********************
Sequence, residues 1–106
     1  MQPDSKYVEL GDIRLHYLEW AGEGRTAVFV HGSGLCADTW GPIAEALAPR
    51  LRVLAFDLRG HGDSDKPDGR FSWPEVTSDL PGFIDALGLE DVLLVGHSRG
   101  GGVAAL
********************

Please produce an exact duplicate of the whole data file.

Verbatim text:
Sequence, residues 1–106
     1  MQPDSKYVEL GDIRLHYLEW AGEGRTAVFV HGSGLCADTW GPIAEALAPR
    51  LRVLAFDLRG HGDSDKPDGR FSWPEVTSDL PGFIDALGLE DVLLVGHSRG
   101  GGVAAL